Nice outcome.  I like the combinations of flours and the addition of olive oil.  Some of my favorite loaves to handle and shape include olive oil….conditions the bread in a very nice way.

Take Care,


CAphyl's picture

I totally agree on the olive oil.  It does make the handling so much better.  I think I will make this again and try for even higher hydration.  Thanks for your comments.  Best,  Phyllis

dabrownman's picture

tasting bread I'm guessing too.   Love the double, or triple if you count the starter, refrigeration too.  Nothing like the cold to bring out the flavor of SD.  Nothing like the sweetness and color of a good semolina SD.  Well done and

Happy baking Phyllis.

You got me to go back to the quadruple retard of yore.  The sprouted MG loaf is in the fridge for the 3rd retard for and 8 hour bulk ferment to be followed by a 12 hour shaped proof.  I can't remember the last time we tried to get that to work but if remember right it wasn't pretty.   Thanks for the inspiration and push to tr to really mess it up:-).

CAphyl's picture

dabrownman:  Let me know how the quadruple goes.  Should be interesting....Best,  Phyllis

dosco's picture

Looks excellent. I wish I could have a slice!




CAphyl's picture

Dave: It was such a large loaf, I feel like we could share it with many family and friends!  Thanks for your comments.  Best,  Phyllis

a_warming_trend's picture

I have never tasted a semolina bread. I wish I could taste this one!

CAphyl's picture

I am not sure that it was good as your recent beautiful bakes and your 48 hour sourdough torpedoes.  Outstanding!  Thanks for your comments.  Best,  Phyllis


Trovo che le tue indubbie capacità manuali siano evidenti per ciascuno di noi.

Il colore della crrosta, conferito dalla cottura sapiente del tuo pane, è impeccabile.

Le tue lavorazioni e produzioni nascono sempre da una attenta verifica della ricettazione originale intesa anche come studio della metodica adottata.

Il tuo lavoro è sempre pulito e gestito con attenzione e sapienza. 

Mi permetto di stuzzicare la tua passione, come farebbe una sorella maggiore che per te ha grande stima, sarei curiosa di vederti cimentare con prodotti della panificazione Francese a base di Levain in crema, perchè sono certissima che dallle tue capacità possono scaturire grandi cose.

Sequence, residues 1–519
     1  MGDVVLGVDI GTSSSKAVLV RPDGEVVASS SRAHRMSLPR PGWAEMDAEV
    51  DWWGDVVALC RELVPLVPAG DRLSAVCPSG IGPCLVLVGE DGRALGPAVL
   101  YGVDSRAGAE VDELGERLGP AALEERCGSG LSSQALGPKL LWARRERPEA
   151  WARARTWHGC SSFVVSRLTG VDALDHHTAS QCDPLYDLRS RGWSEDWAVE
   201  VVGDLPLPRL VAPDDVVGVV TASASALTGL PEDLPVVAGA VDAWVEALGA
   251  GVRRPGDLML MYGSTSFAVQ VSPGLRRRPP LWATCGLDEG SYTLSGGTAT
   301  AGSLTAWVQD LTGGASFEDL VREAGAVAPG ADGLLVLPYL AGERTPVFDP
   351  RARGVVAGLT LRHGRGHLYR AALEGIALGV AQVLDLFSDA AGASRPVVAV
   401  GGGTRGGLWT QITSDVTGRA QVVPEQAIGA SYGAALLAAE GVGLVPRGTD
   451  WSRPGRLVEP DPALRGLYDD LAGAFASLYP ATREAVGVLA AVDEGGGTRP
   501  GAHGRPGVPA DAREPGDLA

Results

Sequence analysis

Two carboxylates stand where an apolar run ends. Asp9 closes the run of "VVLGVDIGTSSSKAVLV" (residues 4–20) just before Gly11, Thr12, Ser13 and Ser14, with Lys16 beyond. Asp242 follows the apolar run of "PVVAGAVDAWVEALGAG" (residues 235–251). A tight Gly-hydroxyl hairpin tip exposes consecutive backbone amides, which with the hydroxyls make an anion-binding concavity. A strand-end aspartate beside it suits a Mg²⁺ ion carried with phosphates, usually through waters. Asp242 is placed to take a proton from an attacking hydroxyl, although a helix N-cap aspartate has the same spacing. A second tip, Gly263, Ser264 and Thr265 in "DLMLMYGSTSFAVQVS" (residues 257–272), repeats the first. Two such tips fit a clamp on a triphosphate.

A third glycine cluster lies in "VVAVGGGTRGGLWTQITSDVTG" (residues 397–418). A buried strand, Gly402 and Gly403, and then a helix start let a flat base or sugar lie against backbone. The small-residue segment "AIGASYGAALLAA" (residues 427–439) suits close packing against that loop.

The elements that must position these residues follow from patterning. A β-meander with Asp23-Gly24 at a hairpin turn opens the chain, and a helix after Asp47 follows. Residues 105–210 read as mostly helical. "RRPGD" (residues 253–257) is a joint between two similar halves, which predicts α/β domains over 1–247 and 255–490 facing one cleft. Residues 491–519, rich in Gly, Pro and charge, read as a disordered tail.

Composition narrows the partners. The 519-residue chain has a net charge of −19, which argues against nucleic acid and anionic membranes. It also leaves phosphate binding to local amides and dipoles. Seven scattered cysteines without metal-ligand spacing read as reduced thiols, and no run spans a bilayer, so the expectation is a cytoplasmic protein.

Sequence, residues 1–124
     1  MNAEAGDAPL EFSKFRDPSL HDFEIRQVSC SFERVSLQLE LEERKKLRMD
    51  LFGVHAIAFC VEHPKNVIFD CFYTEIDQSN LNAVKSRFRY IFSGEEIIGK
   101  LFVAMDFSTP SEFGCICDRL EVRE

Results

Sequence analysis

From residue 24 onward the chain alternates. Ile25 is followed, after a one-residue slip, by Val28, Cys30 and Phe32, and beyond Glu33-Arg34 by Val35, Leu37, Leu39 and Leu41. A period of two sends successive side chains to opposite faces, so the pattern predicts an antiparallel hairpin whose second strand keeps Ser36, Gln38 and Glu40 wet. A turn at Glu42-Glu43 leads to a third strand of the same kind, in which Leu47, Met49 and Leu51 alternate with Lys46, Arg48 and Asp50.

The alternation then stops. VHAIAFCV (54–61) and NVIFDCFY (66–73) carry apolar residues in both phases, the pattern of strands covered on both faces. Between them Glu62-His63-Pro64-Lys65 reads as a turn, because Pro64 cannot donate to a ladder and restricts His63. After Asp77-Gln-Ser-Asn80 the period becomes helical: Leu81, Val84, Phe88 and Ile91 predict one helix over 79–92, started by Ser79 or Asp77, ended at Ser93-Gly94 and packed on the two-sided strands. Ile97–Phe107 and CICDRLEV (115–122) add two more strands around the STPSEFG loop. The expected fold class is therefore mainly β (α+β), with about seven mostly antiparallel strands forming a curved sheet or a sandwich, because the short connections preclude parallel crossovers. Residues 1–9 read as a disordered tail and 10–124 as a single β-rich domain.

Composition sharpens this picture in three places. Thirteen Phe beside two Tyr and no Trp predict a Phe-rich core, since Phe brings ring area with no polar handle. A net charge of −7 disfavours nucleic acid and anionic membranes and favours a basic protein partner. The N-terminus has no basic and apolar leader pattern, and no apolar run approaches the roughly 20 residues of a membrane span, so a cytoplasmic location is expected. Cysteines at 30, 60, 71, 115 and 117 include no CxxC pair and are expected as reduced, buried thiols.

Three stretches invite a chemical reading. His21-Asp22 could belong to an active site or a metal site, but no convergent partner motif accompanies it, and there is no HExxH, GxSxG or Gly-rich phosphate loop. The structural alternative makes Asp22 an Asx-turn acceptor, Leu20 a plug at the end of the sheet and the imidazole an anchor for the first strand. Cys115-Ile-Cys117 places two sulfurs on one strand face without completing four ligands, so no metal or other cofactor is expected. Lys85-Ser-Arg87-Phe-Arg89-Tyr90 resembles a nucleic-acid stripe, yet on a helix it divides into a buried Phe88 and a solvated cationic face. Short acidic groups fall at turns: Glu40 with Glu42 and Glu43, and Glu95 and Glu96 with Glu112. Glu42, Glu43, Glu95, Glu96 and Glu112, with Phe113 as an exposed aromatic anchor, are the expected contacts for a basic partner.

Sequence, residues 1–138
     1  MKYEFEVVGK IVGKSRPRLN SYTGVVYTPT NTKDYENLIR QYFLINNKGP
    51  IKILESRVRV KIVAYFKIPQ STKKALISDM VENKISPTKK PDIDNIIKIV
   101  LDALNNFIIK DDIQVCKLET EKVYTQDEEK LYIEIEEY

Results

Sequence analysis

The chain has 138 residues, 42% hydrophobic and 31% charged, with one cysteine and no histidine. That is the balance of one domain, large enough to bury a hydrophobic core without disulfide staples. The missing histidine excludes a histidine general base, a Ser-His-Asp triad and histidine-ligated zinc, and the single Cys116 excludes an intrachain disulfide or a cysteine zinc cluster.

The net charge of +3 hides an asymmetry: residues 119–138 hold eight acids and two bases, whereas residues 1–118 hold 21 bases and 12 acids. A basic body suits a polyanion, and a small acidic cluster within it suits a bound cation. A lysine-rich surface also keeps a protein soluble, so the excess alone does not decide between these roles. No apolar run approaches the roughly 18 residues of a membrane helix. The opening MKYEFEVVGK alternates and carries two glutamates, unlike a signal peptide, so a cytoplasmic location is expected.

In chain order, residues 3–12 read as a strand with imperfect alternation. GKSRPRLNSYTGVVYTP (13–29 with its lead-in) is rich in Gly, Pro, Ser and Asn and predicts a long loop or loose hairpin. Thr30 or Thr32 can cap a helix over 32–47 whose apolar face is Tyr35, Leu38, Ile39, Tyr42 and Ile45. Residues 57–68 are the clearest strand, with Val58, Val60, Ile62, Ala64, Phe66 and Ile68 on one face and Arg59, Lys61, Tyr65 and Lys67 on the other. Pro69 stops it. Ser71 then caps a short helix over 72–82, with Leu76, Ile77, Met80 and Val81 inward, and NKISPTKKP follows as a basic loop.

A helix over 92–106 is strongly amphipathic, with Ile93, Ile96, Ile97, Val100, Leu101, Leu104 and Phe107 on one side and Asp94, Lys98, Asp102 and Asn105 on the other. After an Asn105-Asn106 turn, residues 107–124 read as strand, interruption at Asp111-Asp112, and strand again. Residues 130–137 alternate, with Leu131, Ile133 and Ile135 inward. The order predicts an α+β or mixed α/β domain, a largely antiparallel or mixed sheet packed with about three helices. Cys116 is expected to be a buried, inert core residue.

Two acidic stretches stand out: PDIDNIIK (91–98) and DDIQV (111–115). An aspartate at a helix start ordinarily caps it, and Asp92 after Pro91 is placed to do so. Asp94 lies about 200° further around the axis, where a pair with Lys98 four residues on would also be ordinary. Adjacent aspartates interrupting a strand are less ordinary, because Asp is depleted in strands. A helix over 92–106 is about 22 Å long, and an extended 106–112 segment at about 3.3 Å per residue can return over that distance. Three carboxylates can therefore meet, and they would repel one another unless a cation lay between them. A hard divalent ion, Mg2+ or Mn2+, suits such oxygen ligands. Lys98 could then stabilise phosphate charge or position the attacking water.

Un grande abbraccio, Anna

CAphyl's picture

Cara Anna:  Siete così gentile!  Ho pensato voi come il semolino lo incita sempre a pensare all'Italia.  Ho goduto di di farlo ed il mio marito ha goduto di di mangiarlo, in modo da lo farò ancora presto.

Se i miei nonni italiani fossero ancora vivi, so che avrebbero goduto del vostro pane fantastico. Il buon pane italiano era importante per loro ad ogni pasto. Grazie per il vostri incoraggiamento, supporto ed amicizia.  Aspetto con impazienza di vedere il vostro “lavoro seguente dell'art."  Affettuoso, Phyllis

p.s. Spero che il mio italiano calcolatore-tradotto non sia troppo difettoso!


AbeNW11's picture
AbeNW11 (not verified)

This is a great recipe. Creamy texture with wonderful flavour. Recommend it to everyone.

Enjoy it Phyllis.


CAphyl's picture

AbeNW11:  Sorry for forgetting to credit you with posting it recently.  Your post got me thinking about it and planning to bake it.  I did really enjoy it and will make it again for sure.  Thanks again for the inspiration and forgive me for not giving you the credit!  Best, Phyllis

AbeNW11's picture
AbeNW11 (not verified)

Yours turned out better than mine. I'm glad you tried it too. Lovely recipe. Hope other TFLers are inspired. 

Btw Abe as in Lincoln :)

AbeNW11's picture
AbeNW11 (not verified)

Semolina lends itself very well to sourdough. I adapted this from another recipe.